Really, this is all that BFS is, and this is why it takes so long to sort of settle down after it. But it does happen. Again, it takes seven times as long to come down from anxiety as it does to build up. So the first step to dealing with BFS is to accept in your mind that you are not in any danger. Once that happens, once you convince yourself that the sabretooth tiger isn't after you anymore, it is sort of a 2 steps forward, one step back process that you should try to aim for. There will always be anxiety setbacks along the way, you just have to learn not to let them knock you silly like they did the first time. Again, it is two steps forward, one step back. That is the goal. And it might take a long time, so don't be discouraged.

And for goodness sake, you have to learn to stop running to doctors and demanding tests that even the doctors know are pointless. That sort of stuff doesn't really help you at all, it just further cements in your mind that you are in danger when you actually aren't. And then you are right back to square one.

If you want to know more about this, I highly recommend visiting anxietycentre.com, it is the website that helped me the most and it has helped dozens of others here.
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1. No, that's not bulbar
2. No, the location doesn't matter
3. Yes, we have all had that symptom
4. No, you're not the exception
5. No, that's not ominous
6. No, you don't need an EMG
7. Yes, you will be fine
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Re: Effects of hypersensitivity *in days*

Postby RIno468 on September 29th, 2014, 3:51 pm

Mario

Thank you for your well thought out reply.

All of it makes sense.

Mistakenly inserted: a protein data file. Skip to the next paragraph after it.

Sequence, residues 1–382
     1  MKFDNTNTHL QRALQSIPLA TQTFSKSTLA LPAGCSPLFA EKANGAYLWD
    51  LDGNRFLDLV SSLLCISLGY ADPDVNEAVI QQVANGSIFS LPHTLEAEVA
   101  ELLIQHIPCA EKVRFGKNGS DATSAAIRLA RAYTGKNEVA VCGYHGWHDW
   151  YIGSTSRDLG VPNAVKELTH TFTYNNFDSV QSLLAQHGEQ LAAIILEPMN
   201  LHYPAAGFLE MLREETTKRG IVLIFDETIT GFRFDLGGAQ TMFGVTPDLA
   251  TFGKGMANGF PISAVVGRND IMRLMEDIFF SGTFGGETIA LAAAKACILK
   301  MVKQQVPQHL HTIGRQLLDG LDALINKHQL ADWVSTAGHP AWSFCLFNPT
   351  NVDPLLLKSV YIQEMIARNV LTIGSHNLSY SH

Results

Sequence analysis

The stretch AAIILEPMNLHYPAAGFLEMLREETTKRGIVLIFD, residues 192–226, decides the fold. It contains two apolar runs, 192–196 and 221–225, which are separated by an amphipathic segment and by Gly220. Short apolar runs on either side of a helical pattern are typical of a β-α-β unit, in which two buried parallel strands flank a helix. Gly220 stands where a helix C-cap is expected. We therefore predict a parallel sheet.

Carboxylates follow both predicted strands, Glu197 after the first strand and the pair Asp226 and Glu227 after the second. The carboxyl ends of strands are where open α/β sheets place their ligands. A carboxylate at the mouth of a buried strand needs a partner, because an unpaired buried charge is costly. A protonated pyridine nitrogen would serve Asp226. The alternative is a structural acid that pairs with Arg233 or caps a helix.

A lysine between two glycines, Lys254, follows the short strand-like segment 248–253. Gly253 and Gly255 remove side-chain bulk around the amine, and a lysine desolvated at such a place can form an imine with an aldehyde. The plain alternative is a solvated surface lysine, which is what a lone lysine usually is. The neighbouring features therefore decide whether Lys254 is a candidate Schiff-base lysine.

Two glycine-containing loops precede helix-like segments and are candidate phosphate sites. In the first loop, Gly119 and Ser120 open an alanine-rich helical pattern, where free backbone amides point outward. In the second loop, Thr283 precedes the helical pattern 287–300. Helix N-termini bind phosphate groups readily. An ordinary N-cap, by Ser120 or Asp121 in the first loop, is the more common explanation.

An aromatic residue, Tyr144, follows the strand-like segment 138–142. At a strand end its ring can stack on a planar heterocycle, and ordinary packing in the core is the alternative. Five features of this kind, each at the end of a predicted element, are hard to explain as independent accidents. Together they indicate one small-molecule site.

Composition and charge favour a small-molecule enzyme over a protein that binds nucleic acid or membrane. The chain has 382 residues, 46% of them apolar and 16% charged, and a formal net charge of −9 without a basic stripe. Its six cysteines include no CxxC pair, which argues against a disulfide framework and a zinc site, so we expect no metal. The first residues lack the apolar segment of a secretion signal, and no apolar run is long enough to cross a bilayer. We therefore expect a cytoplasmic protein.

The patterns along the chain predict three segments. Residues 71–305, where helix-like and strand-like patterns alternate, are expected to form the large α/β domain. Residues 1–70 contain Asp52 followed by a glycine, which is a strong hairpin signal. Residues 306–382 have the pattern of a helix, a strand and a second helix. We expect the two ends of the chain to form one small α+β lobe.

I personally have twitches -- panicked.. i didnt get an EMG but i got reccomended to go to a therapist to talk abotu my anxiety which is what I am doing now, and the twitches have calmed down alot.

I am always in some sort of anxiety about my health. So this is helping.

Thank you again for the reply.
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Re: Effects of hypersensitivity *in days*

Postby LKP1231 on September 29th, 2014, 4:47 pm

I am always prone to thinking the worst - about health especially. I'm seeing a therapist as well but so far I've not calmed down.
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Re: Effects of hypersensitivity *in days*

Postby MarioMangler on September 29th, 2014, 4:59 pm

RIno468 wrote:Mario

Thank you again for the reply.




If it makes you feel better, just keep in mind that nearly everyone here on aboutbfs.com is either in the same boat, has been in the same boat, or is desperately trying not to fall back into that same boat. So we have all been there before. Again, once you realize what BFS really is, it all makes a lot more sense, and then you can devise a plan how you are going to deal with it. And really I think that is all that anyone with BFS really wants at the start. All you are really looking for at the beginning is some plan of attack on HOW you are going to deal with this. Because the scariest part at the beginning is having no idea what is going on and what you are going to do about it. Having a say in how you are going to deal with BFS is a step that cannot be overemphasized for how important it is. It makes all the difference in the world to feel like you have some control over this again.
BFS FAQ:
1. No, that's not bulbar
2. No, the location doesn't matter
3. Yes, we have all had that symptom
4. No, you're not the exception
5. No, that's not ominous
6. No, you don't need an EMG
7. Yes, you will be fine
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Re: Effects of hypersensitivity *in days*